What to Do When an Employee Dies

Business Office Desk

The passing of an employee is always a difficult time and things can become even more complicated if the death took place at work. Quite aside from the upheaval of managing a work schedule and meeting legal obligations, you’ll need to employ a compassionate and delicate approach, as you will be required to inform, support and console other staff members and potentially next of kin as well.

While the death of an employee can represent a challenge, it can also provide you with an opportunity to show leadership, empathy and dignity in trying circumstances. Of course, each situation is different and you must handle things in the manner that you believe befits them most appropriately, but this handy guide should provide a blueprint on practical steps you can follow when someone on the payroll departs this world.

Informing others

If an employee dies in the workplace, you must call the emergency services immediately and refrain from moving the body until they have arrived on the scene. This protocol must be followed regardless of the manner of their death and aside from an ambulance, you must also notify the police and the Health and Safety Executive (HSE) of the incident. The HSE can be contacted on 0845 300 9923 from 8.30am to 5pm, Monday to Friday.

Depending on the circumstances of the death, it might fall to you to inform the deceased’s next of kin, as well. If that is the case, you should make every effort to contact them as soon as possible and inform them in a sensitive and compassionate manner. As the boss of the deceased, you may feel you are best placed to break the news; alternatively, if there is a particular workmate to whom they were closest and who is comfortable doing so, it may make more sense to have them inform the family.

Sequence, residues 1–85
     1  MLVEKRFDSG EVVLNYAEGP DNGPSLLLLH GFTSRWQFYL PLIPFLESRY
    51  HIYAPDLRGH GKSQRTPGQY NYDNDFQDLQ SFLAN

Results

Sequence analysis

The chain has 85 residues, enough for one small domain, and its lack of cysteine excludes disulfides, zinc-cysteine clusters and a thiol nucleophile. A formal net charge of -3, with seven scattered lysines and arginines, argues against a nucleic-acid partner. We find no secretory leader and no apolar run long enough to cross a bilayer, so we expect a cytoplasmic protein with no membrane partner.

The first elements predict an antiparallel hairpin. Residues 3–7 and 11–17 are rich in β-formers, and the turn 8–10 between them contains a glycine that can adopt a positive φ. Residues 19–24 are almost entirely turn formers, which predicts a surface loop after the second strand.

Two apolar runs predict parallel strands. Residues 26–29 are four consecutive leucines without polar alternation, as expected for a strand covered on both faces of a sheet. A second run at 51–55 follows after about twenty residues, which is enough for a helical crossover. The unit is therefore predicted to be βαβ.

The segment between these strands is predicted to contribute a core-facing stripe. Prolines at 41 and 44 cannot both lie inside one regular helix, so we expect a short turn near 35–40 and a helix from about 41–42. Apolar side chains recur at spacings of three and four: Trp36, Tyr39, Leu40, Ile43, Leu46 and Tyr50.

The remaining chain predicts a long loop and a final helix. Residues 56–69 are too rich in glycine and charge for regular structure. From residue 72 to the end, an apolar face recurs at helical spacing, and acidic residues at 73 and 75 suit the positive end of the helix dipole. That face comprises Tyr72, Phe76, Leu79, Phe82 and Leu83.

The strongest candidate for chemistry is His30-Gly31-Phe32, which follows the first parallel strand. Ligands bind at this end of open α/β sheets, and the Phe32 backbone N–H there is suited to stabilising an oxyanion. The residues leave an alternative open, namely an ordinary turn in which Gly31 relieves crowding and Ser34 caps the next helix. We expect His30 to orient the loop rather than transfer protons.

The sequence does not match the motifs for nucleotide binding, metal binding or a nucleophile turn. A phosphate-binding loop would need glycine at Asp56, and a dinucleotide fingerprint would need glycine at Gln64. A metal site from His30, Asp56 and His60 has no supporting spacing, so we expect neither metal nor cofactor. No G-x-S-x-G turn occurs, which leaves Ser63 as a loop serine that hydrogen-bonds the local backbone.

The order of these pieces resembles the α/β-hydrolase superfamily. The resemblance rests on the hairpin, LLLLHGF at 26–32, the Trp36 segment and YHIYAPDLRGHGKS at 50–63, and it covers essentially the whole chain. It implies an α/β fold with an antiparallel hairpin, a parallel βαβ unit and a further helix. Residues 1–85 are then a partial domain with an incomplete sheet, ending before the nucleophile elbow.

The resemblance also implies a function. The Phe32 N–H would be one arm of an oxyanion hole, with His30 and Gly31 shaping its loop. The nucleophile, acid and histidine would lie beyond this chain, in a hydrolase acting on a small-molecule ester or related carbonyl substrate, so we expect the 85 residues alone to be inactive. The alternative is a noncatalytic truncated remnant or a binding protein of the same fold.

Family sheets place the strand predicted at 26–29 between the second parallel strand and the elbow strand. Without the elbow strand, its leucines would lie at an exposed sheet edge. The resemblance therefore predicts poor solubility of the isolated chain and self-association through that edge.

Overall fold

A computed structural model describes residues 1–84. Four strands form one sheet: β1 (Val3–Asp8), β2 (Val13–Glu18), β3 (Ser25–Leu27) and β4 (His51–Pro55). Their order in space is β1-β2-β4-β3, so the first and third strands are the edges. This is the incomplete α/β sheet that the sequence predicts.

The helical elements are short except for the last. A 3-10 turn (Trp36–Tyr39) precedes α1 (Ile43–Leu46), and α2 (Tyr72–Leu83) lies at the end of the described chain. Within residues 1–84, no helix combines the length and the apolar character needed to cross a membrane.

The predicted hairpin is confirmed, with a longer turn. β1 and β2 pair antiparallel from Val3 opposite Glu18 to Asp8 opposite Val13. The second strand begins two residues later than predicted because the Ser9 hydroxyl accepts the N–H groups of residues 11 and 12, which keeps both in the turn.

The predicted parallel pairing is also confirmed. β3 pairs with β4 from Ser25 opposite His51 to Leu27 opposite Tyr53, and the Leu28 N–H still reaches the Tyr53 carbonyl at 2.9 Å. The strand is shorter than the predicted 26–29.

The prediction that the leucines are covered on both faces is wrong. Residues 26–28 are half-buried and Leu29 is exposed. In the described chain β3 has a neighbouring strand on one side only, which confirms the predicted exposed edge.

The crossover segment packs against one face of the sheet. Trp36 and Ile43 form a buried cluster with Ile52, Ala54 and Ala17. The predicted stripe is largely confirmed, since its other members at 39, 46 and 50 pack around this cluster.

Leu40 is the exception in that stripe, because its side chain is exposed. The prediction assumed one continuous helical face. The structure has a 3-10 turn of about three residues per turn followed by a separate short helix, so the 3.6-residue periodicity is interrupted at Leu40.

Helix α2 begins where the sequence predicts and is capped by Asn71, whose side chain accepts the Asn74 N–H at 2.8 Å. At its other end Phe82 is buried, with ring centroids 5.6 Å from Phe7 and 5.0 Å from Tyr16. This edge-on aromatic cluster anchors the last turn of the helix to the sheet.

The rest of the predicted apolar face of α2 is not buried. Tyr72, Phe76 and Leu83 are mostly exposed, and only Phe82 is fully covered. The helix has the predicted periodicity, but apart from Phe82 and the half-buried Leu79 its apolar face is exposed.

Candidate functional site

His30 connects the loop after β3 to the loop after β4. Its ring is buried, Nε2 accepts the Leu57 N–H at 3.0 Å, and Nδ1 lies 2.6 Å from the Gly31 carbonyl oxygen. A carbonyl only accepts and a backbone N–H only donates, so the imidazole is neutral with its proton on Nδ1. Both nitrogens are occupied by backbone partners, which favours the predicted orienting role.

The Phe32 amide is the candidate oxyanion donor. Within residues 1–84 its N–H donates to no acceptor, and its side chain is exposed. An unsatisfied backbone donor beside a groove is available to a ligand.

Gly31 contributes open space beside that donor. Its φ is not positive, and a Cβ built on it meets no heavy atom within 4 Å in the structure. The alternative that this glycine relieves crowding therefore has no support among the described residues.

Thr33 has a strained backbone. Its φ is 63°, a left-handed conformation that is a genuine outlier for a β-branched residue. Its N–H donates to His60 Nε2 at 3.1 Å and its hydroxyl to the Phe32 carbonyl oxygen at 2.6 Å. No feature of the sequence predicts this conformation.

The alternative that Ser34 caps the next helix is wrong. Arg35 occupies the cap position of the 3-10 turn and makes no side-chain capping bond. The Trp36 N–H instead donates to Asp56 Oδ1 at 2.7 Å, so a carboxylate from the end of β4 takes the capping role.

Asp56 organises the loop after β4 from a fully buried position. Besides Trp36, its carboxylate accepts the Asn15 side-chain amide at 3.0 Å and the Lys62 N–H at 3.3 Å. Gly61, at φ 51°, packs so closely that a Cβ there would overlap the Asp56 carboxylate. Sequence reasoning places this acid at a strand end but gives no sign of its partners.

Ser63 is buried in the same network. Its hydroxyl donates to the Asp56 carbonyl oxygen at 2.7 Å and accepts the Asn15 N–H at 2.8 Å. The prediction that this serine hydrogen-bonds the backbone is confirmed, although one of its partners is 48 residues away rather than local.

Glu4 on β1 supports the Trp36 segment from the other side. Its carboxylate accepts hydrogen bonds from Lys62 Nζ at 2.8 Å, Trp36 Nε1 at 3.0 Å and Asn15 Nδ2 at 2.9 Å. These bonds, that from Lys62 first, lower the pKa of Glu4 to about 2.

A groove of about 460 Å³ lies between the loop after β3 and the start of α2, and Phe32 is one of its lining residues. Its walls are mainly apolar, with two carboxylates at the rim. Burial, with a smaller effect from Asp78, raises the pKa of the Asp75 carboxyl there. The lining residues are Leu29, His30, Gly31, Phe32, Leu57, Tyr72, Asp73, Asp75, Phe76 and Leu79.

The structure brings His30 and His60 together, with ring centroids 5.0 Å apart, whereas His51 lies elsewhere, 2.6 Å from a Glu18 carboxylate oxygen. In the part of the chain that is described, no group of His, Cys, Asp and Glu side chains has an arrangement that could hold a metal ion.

It’s also important to inform other staff members as soon as possible. Try to contact those who were closest to the deceased before others and break the news gently in a private environment. Avoid public announcements until those individuals have first been informed, but don’t leave enough of a lag for gossip or rumours to spread. Give staff members time and space to grieve and allow them opportunity to attend the funeral (if that is in keeping with the family’s wishes). If your company has an onsite counselling or human resources department, give your employees advice about dealing with bereavement and discussing their reaction to the news with your in-house team.

It’s also a good idea to inform other individuals outside of the business of the news if they had dealings with the deceased in the past, present or future – this could include clients, customers, suppliers and other business contacts. Depending on the specific role and relationship of the person, you can do this in person or via telephone, email or letter.

Payroll obligations

In the event of an employee’s death, you must make sure you have paid them in full up to the date of their death. This can either be undertaken by you personally or the finances department and should be made payable to the deceased’s personal representative, which is usually either their solicitor or executor of their estate (often one and the same).

When compiling their final payslip or Full Payment Submission (FPS), you should enter the date of their death as the “date of leaving” on the form and take into account the following points:
• If the employee was due any outstanding payments for previous months
• If the employee was due any outstanding payments for holidays not yet taken
• If the employee was due to make payments such as child support, student loan or other obligations from their salary
• If the employee was receiving any statutory payments such as maternity leave
• If the employee was party to any company schemes or incentives